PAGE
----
Neo banks are live – but do they live up to the hype?

Neo banks are live – but do they live up to the hype?

Australia’s neo banking market is heating up with 86 400 officially opening its doors today, and neo-rival Xinja receiving its full banking licence from APRA yesterday.

These digital start-ups face an uphill battle to wrestle market share from the big four banks. But are they just marketing hype, or are they putting good deals on the table?

RateCity.com.au’s research team unpacks the latest craze in Australian banking:

Who are the neo banks?

Neo bank

Full banking licence?

Current products

Features

Future products

86 400

Granted 18 July 2019

Transaction account, Savings account

Max savings rate of 2.50% if you deposit $1K per month

Home loans

Xinja

Granted 9 September 2019

Early offering of transaction account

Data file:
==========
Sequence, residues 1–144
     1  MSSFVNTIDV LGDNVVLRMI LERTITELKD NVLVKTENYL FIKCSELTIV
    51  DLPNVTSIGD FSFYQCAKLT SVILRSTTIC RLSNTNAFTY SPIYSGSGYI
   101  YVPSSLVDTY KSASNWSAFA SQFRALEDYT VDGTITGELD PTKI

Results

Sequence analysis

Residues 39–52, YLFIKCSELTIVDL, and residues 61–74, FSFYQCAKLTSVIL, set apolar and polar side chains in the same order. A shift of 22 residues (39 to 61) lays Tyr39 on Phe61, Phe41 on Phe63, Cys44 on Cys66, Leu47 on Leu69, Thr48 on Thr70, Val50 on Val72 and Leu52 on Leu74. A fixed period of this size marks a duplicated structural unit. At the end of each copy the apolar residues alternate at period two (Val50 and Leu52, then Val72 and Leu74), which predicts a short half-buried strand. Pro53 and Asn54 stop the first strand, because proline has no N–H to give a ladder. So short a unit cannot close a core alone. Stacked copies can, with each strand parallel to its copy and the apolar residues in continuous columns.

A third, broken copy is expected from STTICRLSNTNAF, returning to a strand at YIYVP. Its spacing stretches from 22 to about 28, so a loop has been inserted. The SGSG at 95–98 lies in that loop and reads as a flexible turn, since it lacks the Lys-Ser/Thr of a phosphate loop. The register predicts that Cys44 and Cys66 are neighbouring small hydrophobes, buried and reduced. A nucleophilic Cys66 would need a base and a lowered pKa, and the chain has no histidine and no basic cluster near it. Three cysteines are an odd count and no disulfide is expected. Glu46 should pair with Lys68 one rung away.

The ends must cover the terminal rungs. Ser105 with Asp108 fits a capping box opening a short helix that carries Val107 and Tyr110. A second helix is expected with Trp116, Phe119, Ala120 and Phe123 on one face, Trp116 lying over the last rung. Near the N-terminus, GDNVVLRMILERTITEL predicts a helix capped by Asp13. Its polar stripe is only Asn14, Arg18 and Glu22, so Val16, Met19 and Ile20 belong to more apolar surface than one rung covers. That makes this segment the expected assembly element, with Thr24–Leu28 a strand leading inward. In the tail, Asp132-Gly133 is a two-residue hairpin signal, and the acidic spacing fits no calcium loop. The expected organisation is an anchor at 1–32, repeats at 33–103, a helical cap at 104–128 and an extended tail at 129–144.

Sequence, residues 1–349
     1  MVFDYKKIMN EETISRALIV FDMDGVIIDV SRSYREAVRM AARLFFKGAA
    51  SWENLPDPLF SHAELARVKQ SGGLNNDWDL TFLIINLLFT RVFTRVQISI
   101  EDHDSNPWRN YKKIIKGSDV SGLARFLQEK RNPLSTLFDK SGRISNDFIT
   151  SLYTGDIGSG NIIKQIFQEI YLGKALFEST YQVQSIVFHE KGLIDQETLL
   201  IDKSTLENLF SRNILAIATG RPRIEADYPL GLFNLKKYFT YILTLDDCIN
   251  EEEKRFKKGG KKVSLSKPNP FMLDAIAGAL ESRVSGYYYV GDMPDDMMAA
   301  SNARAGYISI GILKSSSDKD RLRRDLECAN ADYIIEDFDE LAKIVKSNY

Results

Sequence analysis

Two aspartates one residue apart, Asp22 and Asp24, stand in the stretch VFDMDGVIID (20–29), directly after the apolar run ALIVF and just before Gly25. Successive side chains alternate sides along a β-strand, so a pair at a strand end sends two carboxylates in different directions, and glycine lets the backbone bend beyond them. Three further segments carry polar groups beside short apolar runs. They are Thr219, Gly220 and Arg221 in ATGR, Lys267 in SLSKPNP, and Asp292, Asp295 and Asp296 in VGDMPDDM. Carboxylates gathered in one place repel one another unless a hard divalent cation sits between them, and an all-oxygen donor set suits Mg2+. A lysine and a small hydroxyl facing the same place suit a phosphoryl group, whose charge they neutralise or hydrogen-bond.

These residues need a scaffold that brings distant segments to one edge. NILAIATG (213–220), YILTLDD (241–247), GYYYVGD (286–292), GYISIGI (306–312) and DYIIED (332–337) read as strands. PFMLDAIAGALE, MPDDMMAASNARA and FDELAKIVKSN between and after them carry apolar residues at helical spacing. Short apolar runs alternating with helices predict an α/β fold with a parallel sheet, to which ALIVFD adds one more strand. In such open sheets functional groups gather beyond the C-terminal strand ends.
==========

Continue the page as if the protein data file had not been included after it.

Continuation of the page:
Deposit accounts and loans

Judo 

Granted 24 April 2019

Term deposits

2.00% for terms of 2 years and over.

 

Up

Using Bendigo and Adelaide Bank licence

Transaction account, Savings account

Max savings rate of 2.50% if you make 5 transactions.

 

Volt

Granted 22 January 2019

None

 

Deposit accounts and loans

Q&A with RateCity.com.au research director, Sally Tindall 

What are neo banks?

Neo banks are digital banks, controlled from your mobile phone typically with a customer service platform within the app. Already at large in the UK, Europe and US, Australia now has three banks offering live products with more to follow. 

Most banks already offer a banking app. What’s the difference?

Neo banks say their advantage is that they have no cumbersome legacy technology, and as a result, they can offer faster, smarter, streamlined banking.